Something else that had been hovering in the back of my mind was that I would have to move this beast after only a year's time; I'll be graduating and moving somewhere else. This is what prompted me to think of using foam for a substantial part of the box's construction. My thought was that this would save weight, and thus my back. This construction method would also have the advantage of letting me make smooth curves for the horn flair using a hotwire cutter. Whether or not smooth curves in a bass horn provide any audible benefit is debatable, but I did not want any frequencies much above 100hz, so there was nothing wrong with this approach (reflectors should be better for reducing high frequency attenuation through the bends). In addition, having a sharper acoustical cutoff above 100hz should help reduce harmonic distortion by naturally attenuating the upper harmonic frequencies.

The horn's folding scheme is based on the Servodrive BT-7. It looks like a nautilus shell - the driver is in the middle of the box, and the horn wraps around it. This is a fairly efficient folding pattern and has the additional benefit of only requiring one 180 degree bend - the other two bends are only 90 degrees.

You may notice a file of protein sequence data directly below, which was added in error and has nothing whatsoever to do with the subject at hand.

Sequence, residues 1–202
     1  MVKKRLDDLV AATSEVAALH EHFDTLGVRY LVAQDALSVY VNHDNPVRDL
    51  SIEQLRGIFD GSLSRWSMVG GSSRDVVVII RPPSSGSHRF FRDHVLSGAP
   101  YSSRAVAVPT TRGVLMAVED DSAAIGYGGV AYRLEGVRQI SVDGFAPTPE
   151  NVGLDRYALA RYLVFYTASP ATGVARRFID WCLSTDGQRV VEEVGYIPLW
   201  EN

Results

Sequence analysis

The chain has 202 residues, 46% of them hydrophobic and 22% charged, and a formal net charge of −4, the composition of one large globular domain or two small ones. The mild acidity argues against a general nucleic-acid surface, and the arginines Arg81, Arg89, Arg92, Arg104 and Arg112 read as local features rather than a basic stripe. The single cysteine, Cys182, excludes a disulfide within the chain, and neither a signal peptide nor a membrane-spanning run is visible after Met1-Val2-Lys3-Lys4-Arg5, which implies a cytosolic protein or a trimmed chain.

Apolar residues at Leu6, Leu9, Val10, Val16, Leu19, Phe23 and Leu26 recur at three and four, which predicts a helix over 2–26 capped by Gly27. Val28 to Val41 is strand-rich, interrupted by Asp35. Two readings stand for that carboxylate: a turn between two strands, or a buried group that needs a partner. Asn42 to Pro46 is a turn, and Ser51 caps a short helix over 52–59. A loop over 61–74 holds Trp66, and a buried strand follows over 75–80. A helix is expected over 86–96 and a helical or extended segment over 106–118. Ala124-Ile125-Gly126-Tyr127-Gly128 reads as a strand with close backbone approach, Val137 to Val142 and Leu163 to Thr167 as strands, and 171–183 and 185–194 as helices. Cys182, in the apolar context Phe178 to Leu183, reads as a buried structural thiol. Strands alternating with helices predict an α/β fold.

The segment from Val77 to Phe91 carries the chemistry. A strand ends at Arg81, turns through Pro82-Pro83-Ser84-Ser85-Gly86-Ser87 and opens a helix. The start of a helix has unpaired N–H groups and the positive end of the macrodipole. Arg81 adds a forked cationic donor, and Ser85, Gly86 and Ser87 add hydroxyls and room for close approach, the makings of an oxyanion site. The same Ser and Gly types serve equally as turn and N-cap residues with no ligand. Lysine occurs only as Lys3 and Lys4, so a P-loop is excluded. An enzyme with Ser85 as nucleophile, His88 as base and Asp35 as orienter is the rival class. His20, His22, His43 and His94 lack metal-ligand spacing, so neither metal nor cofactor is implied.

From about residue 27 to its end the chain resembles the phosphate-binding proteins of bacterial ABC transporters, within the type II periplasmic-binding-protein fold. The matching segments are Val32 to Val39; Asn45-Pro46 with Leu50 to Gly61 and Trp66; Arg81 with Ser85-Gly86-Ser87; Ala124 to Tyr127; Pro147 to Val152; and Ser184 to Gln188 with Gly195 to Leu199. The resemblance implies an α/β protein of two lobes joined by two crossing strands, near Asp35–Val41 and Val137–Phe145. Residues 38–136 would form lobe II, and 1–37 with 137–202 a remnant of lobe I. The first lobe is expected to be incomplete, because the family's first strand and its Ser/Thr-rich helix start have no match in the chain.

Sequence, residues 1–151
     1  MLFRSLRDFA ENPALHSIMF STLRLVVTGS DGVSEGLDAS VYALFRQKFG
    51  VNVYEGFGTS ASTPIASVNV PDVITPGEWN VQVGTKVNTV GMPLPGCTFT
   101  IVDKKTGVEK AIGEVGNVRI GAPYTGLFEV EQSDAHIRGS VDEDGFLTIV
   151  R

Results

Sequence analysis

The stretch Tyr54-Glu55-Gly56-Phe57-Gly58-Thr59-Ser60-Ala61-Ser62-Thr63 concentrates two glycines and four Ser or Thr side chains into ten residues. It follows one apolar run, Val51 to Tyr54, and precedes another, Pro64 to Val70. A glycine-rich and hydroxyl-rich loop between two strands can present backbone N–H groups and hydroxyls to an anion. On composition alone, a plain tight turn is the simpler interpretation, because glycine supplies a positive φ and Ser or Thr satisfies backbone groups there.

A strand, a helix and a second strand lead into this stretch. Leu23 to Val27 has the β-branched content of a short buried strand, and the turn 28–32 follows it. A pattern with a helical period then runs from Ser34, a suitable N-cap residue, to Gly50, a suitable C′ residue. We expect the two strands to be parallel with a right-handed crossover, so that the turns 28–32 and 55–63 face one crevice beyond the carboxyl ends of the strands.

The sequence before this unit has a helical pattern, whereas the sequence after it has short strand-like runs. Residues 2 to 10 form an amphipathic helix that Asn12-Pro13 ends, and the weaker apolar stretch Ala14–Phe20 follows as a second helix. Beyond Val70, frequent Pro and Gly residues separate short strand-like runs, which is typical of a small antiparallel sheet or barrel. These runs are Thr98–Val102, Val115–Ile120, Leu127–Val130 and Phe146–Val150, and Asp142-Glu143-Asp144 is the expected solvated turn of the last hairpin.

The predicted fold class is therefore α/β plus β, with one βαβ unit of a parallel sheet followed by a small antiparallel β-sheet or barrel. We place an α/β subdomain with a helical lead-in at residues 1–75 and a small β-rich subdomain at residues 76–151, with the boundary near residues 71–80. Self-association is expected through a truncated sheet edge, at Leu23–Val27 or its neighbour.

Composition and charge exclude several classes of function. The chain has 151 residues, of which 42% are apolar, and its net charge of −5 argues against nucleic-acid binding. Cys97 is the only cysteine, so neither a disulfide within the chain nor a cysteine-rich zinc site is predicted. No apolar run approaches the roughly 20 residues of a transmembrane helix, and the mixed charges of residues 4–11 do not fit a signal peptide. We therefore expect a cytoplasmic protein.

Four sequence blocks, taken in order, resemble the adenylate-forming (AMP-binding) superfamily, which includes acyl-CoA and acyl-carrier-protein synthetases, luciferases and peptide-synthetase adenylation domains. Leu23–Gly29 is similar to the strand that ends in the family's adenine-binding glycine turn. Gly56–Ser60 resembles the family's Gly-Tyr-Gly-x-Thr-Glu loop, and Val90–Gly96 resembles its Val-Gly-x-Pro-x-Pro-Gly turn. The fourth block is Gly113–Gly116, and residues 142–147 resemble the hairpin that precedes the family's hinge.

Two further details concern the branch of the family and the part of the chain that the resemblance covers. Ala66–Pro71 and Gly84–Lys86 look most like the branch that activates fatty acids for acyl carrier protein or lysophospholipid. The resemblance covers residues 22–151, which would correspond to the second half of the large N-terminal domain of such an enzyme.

While this was not the exact sequence of how I worked through the design of the horn, the above thoughts should give an idea of why I did what I did in this project. The rendering above right is from the design phase of the project - it's an AutoCAD solid model that I made to visualize the box. The picture on the right is the top portion of the box before attaching the second side panel - it corresponds almost exactly to the rendering above (as it should!). The overall size of the box is 22.5 inches wide, 44.5 inches long, and 51.5 inches tall. The 2x4's that I use to clamp the two pieces of the box together make it a little wider and taller. The mouth area is 840 square inches. For a 26.7hz low cutoff loaded into 1/8 space, the mouth area predicted by standard theory is 2557 square inches, so I would really need three of these subwoofers to get the mouth area big enough to make the horn act like it was infinitely large. This is probably what accounts for the drooping low frequency response, which can be seen below. It also probably accounts for some of the lumpiness in the frequency response. However, the horn is slightly longer than 1/4 of the wavelength of 26.7hz, and I would guess that this is why it performs as well as it does.